To date, little research has been carried out on pelagic gastropod molluscs (pteropods) in Southern Ocean ecosystems. However, recent predictions are that, due to acidification resulting from a business as usual approach to CO 2 emissions (IS92a), Southern Ocean surface waters may begin to become uninhabitable for aragonite shelled thecosome pteropods by 2050. To gain insight into the potential impact that this would have on Southern Ocean ecosystems, we have here synthesized available data on pteropod distributions and densities, assessed current knowledge of pteropod ecology, and highlighted knowledge gaps and directions for future research on this zooplankton group. Six species of pteropod are typical of the Southern Ocean south of the Sub-Tropical Convergence, including the four Thecosomes Limacina helicina antarctica, Limacina retroversa australis, Clio pyramidata, and Clio piatkowskii, and two Gymnosomes Clione limacina antarctica and Spongiobranchaea australis. Limacina retroversa australis dominated pteropod densities north of the Polar Front (PF), averaging 60 ind m -3 (max = 800 ind m -3) and 11% of total zooplankton at the Prince Edward Islands. South of the PF L. helicina antarctica predominated, averaging 165 ind m -3 (max = 2681 ind m -3) and up to >35% of total zooplankton at South Georgia, and up to 1397 ind m -3 and 63% of total zooplankton in the Ross Sea. Combined pteropods contributed 40% of community grazing impact. Further research is required to quantify diet selectivity, the effect of phytoplankton composition on growth and reproductive success, and the role of carnivory in thecosomes. Life histories are a significant knowledge gap for Southern Ocean pteropods, a single study having been completed for L. retroversa australis, making population studies a priority for this group. Pteropods appear to be important in biogeochemical cycling, thecosome shells contributing >50% to carbonate flux in the deep ocean south of the PF. Pteropods may also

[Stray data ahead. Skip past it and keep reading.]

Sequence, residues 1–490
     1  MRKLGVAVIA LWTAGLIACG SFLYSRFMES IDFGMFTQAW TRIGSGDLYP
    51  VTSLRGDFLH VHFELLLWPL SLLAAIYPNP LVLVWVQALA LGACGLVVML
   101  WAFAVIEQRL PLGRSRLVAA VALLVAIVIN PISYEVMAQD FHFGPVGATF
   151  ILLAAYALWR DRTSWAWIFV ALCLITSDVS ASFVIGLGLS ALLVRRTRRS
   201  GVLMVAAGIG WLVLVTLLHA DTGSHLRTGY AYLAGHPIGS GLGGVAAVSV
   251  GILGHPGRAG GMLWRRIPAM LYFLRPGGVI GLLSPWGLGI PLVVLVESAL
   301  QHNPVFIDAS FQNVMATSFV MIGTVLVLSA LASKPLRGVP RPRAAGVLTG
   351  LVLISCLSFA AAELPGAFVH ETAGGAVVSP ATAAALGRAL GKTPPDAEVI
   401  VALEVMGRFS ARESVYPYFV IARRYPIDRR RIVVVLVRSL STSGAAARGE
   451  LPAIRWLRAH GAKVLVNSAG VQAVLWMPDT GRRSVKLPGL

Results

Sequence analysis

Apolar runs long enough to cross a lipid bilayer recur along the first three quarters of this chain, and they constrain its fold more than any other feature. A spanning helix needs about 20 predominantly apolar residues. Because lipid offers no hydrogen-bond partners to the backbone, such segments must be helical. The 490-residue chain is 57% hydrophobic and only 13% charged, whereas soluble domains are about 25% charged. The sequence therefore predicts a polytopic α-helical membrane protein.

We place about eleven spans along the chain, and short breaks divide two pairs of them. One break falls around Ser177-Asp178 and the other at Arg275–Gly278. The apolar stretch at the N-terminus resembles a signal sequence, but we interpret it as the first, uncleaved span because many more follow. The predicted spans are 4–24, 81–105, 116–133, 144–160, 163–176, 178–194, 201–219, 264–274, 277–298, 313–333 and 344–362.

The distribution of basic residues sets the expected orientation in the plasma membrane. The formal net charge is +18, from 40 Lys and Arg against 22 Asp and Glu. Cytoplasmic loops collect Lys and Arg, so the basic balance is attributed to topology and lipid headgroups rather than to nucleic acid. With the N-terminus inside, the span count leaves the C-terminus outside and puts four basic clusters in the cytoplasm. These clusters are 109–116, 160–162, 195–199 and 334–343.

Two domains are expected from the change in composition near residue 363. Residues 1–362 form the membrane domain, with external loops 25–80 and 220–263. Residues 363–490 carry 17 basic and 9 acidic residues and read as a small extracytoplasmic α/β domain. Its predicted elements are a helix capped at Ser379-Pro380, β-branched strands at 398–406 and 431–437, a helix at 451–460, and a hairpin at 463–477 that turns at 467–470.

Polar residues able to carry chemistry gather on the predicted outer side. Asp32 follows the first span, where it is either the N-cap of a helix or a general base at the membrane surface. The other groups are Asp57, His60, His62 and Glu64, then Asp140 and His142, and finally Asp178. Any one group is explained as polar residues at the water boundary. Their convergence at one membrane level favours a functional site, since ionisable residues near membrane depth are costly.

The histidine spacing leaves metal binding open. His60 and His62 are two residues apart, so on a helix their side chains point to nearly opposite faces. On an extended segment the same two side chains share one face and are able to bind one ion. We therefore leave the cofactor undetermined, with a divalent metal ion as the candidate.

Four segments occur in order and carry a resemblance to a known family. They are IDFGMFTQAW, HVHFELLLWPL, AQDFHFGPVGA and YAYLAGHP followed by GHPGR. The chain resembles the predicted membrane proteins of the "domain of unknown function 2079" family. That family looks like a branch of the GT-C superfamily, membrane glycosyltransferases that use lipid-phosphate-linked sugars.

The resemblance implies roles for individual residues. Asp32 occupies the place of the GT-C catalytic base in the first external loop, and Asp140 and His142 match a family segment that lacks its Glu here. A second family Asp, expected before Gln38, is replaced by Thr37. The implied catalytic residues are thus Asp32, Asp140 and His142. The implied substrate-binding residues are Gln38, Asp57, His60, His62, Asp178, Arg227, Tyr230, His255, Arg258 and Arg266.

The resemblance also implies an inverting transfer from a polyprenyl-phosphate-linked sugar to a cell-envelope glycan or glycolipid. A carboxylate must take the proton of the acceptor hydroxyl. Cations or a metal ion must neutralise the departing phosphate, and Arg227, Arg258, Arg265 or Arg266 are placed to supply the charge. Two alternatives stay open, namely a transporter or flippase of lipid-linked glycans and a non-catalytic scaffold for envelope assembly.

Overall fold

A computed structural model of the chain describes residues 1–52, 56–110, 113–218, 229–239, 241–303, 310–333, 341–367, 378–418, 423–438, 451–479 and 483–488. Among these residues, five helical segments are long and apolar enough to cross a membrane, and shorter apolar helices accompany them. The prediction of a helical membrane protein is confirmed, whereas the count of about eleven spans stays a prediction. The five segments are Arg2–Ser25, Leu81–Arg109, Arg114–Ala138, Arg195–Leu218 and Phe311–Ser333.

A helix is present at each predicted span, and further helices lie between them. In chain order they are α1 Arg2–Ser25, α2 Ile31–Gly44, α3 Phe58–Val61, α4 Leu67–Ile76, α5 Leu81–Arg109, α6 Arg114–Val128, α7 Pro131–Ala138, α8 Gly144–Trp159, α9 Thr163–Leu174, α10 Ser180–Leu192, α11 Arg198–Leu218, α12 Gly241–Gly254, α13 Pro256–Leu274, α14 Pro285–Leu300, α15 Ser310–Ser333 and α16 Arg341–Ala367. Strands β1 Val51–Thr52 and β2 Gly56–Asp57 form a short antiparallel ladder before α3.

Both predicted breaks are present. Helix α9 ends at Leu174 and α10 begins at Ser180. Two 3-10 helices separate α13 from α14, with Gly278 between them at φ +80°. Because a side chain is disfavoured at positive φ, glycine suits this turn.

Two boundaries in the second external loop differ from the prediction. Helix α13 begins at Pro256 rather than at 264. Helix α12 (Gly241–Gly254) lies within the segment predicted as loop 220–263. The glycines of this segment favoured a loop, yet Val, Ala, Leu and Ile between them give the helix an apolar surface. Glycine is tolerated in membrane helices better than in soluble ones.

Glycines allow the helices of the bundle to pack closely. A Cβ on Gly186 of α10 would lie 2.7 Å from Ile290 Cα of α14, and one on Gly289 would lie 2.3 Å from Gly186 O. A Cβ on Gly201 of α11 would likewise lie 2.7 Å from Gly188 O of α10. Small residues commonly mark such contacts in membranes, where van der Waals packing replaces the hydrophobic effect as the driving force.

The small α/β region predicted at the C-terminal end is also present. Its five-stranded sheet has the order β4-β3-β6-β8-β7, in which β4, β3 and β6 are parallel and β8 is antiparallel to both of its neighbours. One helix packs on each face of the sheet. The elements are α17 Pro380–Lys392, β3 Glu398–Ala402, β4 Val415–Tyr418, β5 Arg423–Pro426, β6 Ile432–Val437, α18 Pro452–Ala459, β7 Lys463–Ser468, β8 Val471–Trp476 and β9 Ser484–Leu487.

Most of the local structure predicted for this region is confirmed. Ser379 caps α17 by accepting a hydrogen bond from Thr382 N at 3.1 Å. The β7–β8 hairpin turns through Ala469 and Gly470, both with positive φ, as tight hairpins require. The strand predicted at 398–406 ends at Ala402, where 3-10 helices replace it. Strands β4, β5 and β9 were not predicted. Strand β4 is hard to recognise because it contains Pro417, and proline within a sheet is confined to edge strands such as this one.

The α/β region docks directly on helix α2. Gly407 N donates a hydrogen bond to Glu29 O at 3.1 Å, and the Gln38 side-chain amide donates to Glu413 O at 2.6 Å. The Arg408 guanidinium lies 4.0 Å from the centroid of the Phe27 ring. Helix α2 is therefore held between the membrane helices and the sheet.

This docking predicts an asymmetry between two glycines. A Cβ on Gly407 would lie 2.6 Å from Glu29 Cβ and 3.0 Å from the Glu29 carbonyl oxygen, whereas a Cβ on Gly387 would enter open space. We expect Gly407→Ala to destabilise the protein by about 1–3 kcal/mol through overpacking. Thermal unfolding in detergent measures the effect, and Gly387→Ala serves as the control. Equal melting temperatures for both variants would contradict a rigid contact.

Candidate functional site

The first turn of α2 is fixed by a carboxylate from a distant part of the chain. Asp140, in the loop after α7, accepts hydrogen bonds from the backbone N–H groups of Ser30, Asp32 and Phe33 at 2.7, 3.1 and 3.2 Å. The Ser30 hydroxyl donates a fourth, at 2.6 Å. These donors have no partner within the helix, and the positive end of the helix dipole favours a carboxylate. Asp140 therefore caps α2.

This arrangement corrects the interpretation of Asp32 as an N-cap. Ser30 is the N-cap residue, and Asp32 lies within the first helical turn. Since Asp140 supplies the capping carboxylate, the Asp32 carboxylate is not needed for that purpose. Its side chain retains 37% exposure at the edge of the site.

6. Limacina helicina shell dissolution due to ocean acidification in the California Current Ecosystem from 2011-08-11 to 2013-08-29 (NCEI Accession 0155173)

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    National Oceanic and Atmospheric Administration, Department of Commerce — Pteropod shell dissolution was determined on shells collected from 16 stations for the 2011 cruise and 20 stations during the 2013 cruise. The samples were stored in...

  7. Exposure history determines pteropod vulnerability to ocean acidification along the US West Coast.

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    Bednaršek, N; Feely, R A; Tolimieri, N; Hermann, A J; Siedlecki, S A; Waldbusser, G G; McElhany, P; Alin, S R; Klinger, T; Moore-Maley, B; Pörtner, H O

    2017-07-03

    The pteropod Limacina helicina frequently experiences seasonal exposure to corrosive conditions (Ω ar   US West Coast and is recognized as one of the species most susceptible to ocean acidification (OA). Yet, little is known about their capacity to acclimatize to such conditions. We collected pteropods in the California Current Ecosystem (CCE) that differed in the severity of exposure to Ω ar conditions in the natural environment. Combining field observations, high-CO 2 perturbation experiment results, and retrospective ocean transport simulations, we investigated biological responses based on histories of magnitude and duration of exposure to Ω ar  history of exposure to corrosive conditions. Pteropods from the coastal CCE appear to be at or near the limit of their physiological capacity, and consequently, are already at extinction risk under projected acceleration of OA over the next 30 years. Our results demonstrate that Ω ar exposure history largely determines pteropod response to experimental conditions and is essential to the interpretation of biological observations and experimental results.

  8. Carotenoids of Sea Angels Clione limacina and Paedoclione doliiformis from the Perspective of the Food Chain

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    Takashi Maoka

    2014-03-01